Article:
Brexit added almost £6bn to UK food bills in the two years to the end of 2021, affecting poorest households the most, research has found.
The cost of food imported from the EU shot up because of extra red tape, adding £210 to the average household food bills over 2020 and 2021, London School of Economics (LSE) researchers discovered.
As low-income families spend a greater share of their income on food, the impact of Brexit on their purchases was disproportionately greater, they said.
The research comes the day after data from the British Retail Consortium trade body showed UK food price inflation hit a record high of 12.4% in November as the price of basics such as eggs, dairy products and coffee rose.
Researchers at the Centre for Economic Performance (CEP) at the LSE studied micro data-tracking trade flows and consumer prices for food products in the UK to identify the transfer of the cost of Brexit red tape to householders.
“We find that leaving the European Union increased the price of food products by 3% a year, leading to a 6% increase over a two-year period,” they say in their report, named Non-tariff barriers and consumer prices: evidence from Brexit.
Its calculations translated to a £5.84bn cost to the food market alone, equating to £210 per household.
CEP found the Brexit-induced price rise led to an overall cost of living increase for the poorest households of 1.1% – 52% more than the 0.7% rise felt in the top 10% of households in Britain.
In 2015, the year before the referendum, 77% of food imports were from the EU.
After the December 2019 election, researchers found an immediate rise in food prices from the EU as businesses reliant on products and ingredients “immediately began to pass on to consumers” the cost of customs administration staff and other Brexit staff, the report says.
Regulatory costs varied according to product, with fresh red meat products identified as having a high “non-tariff barrier” (NTB) cost because of the paperwork required but vegetables such as onions, carrots and broccoli having close to zero NTB cost.
Researchers found price rises on products with high NTBs with little significant cost for products in the low or zero NTB categories.
CEP said the EU single market was a “deep” trading bloc that eliminated tariffs, but also regulatory differences on food standards allowing frictionless trade between member states including the UK before Brexit.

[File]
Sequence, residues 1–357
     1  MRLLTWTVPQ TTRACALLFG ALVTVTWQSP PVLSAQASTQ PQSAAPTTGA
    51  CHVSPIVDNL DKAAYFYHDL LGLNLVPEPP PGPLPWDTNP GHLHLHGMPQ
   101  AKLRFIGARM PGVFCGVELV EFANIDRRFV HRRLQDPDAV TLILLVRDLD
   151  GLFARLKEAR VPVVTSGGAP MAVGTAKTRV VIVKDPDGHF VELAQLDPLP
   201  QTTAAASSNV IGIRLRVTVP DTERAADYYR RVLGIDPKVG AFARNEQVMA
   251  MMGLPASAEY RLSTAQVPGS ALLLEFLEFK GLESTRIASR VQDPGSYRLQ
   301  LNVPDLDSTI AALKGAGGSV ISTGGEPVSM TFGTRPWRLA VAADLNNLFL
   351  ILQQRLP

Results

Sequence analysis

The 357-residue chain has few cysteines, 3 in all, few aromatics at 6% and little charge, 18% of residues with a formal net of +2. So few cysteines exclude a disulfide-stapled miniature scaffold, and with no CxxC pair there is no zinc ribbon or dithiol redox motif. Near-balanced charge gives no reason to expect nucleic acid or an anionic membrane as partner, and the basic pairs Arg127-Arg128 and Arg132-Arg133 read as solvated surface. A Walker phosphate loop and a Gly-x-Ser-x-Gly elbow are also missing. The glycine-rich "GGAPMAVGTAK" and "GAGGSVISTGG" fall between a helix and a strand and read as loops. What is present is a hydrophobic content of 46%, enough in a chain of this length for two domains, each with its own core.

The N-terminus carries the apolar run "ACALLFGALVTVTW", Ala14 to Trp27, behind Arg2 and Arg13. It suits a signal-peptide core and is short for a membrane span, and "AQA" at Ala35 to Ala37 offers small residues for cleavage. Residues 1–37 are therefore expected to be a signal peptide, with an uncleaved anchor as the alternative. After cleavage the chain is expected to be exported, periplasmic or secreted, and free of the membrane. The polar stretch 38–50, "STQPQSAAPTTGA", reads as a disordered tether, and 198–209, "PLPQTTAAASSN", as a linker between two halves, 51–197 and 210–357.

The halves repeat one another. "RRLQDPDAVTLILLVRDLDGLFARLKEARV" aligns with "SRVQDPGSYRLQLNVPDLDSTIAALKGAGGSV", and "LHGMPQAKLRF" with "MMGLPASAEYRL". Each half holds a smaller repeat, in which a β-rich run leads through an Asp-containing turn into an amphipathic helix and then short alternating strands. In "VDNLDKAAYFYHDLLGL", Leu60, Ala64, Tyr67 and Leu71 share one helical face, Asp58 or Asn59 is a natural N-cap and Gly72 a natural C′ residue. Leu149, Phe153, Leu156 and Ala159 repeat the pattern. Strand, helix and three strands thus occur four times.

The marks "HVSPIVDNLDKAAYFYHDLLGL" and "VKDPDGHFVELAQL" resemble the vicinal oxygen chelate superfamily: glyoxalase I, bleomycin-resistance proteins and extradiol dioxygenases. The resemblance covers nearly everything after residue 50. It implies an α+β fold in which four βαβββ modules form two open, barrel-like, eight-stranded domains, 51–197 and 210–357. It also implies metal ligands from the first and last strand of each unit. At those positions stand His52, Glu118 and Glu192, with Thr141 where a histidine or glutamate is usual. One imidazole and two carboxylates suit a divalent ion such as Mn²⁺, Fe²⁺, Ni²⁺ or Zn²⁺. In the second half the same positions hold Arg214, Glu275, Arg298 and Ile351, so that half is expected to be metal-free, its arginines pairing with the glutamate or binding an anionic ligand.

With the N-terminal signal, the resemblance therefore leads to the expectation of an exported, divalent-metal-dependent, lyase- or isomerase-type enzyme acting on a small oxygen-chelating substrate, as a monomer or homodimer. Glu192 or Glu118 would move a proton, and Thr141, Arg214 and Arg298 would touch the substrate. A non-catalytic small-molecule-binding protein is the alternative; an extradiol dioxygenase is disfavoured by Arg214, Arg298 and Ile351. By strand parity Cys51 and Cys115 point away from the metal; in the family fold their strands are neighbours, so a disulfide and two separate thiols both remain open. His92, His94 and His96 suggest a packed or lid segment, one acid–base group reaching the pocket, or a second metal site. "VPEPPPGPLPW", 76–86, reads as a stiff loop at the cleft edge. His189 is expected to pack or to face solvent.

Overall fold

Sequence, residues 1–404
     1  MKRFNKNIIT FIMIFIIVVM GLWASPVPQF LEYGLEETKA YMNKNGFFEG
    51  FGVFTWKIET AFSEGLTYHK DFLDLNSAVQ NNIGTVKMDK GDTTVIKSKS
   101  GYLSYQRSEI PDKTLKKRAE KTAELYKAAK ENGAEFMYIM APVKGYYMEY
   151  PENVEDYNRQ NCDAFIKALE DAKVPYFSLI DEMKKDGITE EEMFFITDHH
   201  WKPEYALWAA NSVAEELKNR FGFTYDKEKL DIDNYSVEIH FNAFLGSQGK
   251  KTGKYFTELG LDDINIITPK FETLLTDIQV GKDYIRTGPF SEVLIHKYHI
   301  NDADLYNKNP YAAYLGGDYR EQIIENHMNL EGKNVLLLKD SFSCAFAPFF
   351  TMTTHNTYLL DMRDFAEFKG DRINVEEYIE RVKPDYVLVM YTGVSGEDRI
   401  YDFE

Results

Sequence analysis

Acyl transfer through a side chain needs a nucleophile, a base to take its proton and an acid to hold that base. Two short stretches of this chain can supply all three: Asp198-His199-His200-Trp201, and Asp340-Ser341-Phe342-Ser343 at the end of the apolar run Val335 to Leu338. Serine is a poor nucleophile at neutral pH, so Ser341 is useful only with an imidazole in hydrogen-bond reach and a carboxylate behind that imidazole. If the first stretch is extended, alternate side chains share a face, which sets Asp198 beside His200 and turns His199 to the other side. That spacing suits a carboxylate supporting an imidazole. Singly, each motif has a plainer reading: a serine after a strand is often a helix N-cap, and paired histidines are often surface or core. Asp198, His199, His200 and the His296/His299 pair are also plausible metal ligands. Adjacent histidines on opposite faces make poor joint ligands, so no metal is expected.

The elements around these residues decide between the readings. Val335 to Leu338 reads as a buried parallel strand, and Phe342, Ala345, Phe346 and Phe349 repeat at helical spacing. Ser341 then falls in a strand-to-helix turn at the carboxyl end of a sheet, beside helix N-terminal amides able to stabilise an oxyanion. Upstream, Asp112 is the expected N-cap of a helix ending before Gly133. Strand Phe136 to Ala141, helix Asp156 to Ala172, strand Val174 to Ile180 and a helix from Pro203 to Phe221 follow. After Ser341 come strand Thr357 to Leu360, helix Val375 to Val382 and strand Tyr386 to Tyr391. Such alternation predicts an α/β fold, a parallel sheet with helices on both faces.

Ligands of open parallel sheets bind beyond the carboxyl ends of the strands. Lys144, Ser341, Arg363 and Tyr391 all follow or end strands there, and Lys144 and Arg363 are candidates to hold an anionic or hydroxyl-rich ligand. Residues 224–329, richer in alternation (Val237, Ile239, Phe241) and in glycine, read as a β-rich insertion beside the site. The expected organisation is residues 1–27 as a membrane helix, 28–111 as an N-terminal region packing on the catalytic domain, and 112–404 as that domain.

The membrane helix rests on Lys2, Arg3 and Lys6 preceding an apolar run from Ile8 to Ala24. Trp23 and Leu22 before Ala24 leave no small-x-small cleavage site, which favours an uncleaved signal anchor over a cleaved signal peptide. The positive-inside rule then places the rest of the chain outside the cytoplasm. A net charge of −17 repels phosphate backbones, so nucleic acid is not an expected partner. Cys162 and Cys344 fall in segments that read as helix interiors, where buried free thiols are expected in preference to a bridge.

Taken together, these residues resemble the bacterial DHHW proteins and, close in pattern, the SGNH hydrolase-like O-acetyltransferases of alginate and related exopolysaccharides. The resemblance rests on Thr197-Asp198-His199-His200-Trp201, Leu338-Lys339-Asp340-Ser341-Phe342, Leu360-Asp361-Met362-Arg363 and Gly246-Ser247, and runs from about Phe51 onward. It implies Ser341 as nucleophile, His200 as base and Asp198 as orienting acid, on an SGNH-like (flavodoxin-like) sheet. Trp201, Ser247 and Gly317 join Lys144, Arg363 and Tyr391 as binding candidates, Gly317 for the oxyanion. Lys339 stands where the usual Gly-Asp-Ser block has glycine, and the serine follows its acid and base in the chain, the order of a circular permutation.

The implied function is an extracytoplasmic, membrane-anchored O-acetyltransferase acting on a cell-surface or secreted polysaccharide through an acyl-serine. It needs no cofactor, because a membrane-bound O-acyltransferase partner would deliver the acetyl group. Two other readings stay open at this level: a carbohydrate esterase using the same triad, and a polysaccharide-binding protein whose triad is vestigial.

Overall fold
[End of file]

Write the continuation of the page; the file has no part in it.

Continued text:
Lord Frost’s Brexit trade deal signed at the end of the transition period in December 2020 ensures trade is tariff-free with the EU but created trade barriers in the form of customs, rules of original paperwork and regulatory standards checks for agri-food products.
“In leaving the EU, the UK swapped a deep trade relationship with few impediments to trade for one where a wide range of checks, forms and steps are required before goods can cross the border. Firms faced higher costs and passed most of these on to consumers,” said Richard Davies, a professor at Bristol University and co-author of the report.
He said the rise in non-tariff barriers (NTBs) for trade with the EU had contributed to the 11% inflation the UK is experiencing, the highest in 40 years.
One benefit of Brexit was that domestic food producers now faced less competition from European imports, the report noted.
But it added: “The gains to domestic firms are outstripped by the loss to domestic consumers by more than £1bn. Additionally, unlike regular tariffs, NTBs do not generate any revenue for the government.”
Nikhil Datta, assistant professor of economics at Warwick University and a co-author of the study, said: “The policy implications are stark: non-tariff barriers are an important impediment to trade that should be a first-order concern, at least on a par with tariffs, for policymakers interested in low consumer prices.”